Business

June 11, 2014

Boeing stay in Wichita, Kansas, reduced to small crew

AP

After more than 80 years, the Boeing’s presence in Wichita has come down to a small crew tying up a few loose ends, and when they are done, fewer than a dozen maintenance workers will be the company’s only employees.

Employees currently are finalizing equipment that will be moved to other Boeing locations and closing out programs. When that work is done by the end of July, workers will maintain the massive Boeing facilities until they are sold, said Boeing spokeswoman Yvonne Johnson-Jones.

Boeing has been in Wichita since 1927 and once employed 40,000 people. But in January 2012, it announced it would close its Wichita facilities and move work to Oklahoma City, San Antonio and the state of Washington, The Wichita Eagle reported. Boeing sold its commercial airplane division in 2005 and when it announced it would close its military operations, it still employed 2,160 people in Wichita.

The transfer of work is about 95 percent complete, Johnson-Jones said.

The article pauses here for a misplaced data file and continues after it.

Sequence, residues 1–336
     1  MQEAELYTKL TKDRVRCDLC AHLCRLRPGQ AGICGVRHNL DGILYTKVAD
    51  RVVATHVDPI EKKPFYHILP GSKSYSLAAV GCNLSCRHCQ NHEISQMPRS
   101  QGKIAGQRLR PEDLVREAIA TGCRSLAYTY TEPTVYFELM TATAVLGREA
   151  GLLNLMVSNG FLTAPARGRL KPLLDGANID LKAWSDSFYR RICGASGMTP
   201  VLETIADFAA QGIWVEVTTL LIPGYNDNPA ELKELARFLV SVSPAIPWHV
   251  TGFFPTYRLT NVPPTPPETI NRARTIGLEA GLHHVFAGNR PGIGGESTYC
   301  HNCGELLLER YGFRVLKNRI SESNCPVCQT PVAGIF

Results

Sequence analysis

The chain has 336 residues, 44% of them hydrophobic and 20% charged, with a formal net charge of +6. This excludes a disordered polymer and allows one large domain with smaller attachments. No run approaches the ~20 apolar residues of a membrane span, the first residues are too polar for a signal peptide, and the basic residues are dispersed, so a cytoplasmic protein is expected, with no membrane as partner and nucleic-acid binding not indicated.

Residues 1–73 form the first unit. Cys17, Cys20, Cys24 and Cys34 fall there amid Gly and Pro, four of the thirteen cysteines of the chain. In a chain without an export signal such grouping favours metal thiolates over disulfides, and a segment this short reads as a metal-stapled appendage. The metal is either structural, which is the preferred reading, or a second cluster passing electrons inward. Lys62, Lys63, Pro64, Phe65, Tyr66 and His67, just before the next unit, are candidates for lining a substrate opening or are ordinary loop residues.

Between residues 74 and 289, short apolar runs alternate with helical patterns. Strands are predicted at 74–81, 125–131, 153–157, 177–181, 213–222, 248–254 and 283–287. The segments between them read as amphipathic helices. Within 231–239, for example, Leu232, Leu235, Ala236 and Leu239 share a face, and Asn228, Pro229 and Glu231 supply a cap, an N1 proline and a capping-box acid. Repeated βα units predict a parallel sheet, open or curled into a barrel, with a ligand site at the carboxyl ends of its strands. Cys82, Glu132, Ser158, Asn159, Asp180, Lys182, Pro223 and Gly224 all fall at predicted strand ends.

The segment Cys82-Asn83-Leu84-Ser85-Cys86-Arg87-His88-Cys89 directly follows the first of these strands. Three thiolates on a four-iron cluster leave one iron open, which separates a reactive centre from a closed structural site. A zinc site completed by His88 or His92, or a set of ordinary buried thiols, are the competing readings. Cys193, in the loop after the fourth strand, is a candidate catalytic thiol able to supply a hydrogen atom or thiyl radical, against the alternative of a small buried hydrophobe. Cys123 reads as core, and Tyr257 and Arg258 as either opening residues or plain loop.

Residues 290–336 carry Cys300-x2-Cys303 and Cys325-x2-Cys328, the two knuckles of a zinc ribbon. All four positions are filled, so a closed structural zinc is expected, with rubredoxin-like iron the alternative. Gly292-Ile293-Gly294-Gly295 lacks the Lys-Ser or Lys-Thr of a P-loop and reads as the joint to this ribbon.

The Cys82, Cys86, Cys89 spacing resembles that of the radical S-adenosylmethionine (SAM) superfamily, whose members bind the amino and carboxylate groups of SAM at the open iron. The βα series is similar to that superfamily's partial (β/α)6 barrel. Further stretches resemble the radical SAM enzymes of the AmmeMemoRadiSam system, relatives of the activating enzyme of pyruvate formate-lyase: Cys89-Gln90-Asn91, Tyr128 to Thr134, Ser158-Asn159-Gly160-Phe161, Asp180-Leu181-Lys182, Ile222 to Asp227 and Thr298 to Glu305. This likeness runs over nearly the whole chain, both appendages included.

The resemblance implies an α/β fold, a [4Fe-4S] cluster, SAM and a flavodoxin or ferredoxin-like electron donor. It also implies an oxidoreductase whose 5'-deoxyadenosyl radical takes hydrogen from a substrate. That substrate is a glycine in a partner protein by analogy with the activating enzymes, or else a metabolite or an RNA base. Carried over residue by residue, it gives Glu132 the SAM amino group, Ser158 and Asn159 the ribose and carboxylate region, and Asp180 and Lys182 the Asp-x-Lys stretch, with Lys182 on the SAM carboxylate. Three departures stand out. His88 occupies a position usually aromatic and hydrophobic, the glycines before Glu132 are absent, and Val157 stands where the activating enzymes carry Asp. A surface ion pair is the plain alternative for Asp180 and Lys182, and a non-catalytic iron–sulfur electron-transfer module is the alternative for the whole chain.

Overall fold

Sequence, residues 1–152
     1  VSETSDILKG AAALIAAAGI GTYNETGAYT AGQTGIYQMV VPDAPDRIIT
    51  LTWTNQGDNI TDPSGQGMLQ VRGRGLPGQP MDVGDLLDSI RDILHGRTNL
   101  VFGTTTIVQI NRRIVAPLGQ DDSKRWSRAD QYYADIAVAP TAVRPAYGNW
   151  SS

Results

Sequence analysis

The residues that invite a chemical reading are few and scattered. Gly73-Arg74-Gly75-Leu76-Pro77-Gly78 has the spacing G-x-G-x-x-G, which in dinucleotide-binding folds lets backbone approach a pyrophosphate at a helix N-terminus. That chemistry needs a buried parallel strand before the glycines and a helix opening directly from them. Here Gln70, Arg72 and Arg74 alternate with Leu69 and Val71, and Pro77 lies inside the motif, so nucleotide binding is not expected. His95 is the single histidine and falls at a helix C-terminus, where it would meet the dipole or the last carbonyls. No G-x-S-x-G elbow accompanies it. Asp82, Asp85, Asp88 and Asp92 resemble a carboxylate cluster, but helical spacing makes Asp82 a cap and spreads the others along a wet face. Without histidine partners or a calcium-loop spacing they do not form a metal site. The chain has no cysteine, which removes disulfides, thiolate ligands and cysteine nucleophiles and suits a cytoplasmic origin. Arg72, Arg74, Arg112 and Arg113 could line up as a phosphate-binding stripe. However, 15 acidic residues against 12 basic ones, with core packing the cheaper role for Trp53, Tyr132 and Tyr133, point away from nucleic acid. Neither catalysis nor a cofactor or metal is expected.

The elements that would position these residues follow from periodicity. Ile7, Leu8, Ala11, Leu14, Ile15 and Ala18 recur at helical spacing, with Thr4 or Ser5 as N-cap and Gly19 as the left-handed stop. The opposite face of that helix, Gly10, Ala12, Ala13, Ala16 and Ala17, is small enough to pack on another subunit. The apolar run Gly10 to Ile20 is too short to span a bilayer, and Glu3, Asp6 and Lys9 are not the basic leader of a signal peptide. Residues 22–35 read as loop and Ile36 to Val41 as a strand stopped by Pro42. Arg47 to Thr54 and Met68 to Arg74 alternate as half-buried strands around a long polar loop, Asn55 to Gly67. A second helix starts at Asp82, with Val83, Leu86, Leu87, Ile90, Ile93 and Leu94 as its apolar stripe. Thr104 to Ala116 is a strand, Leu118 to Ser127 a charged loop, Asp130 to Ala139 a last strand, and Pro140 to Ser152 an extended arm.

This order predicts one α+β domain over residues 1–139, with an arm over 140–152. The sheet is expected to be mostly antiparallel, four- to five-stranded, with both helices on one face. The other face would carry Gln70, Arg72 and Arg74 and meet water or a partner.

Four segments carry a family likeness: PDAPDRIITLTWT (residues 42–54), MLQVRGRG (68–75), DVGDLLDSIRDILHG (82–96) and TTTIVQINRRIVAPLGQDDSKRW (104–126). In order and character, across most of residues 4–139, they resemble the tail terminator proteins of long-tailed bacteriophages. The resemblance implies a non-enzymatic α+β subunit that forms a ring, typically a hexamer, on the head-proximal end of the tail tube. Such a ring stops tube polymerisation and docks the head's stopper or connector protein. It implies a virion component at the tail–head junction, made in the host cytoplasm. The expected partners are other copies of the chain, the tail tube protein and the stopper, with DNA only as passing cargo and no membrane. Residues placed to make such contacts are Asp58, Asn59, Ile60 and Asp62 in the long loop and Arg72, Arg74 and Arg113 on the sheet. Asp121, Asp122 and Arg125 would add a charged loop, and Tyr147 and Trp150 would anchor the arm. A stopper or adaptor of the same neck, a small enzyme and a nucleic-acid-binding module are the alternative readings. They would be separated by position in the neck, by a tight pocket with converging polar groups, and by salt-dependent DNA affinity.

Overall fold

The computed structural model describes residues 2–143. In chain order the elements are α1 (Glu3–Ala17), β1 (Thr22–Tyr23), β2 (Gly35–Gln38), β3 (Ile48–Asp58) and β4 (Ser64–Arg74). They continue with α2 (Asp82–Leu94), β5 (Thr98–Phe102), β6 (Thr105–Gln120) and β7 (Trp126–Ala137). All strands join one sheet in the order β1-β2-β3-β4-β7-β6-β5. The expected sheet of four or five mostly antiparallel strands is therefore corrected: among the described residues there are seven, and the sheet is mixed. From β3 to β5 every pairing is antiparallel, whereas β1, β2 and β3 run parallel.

“It’s been very difficult to watch,” said Bob Brewer, Society of Professional Engineering Employees in Aerospace Midwest director, who joined Boeing in 1973. “To drive down Oliver and not being able to see that Boeing sign is something that myself and thousands in Wichita didn’t think we would ever see. There’s been a lot of careers come through those doors over the last 85-year period.”

Boeing has issued layoff notices each month during 2014.

“We’re losing people right and left,” said Frank Molina, Machinists union District 70 president and directing business representative. The union represents Boeing hourly workers, some of whom retired, were laid off, transferred to other Boeing facilities or took other jobs in Wichita.

Some potential buyers have contacted Boeing about its property, which includes a 325-acre flight line with hangars, storage and other buildings and an 85-acre office complex.

Tim Chase, president of the Greater Wichita Economic Development Coalition, said it might take some time but he is optimistic the “unique” property will be sold.




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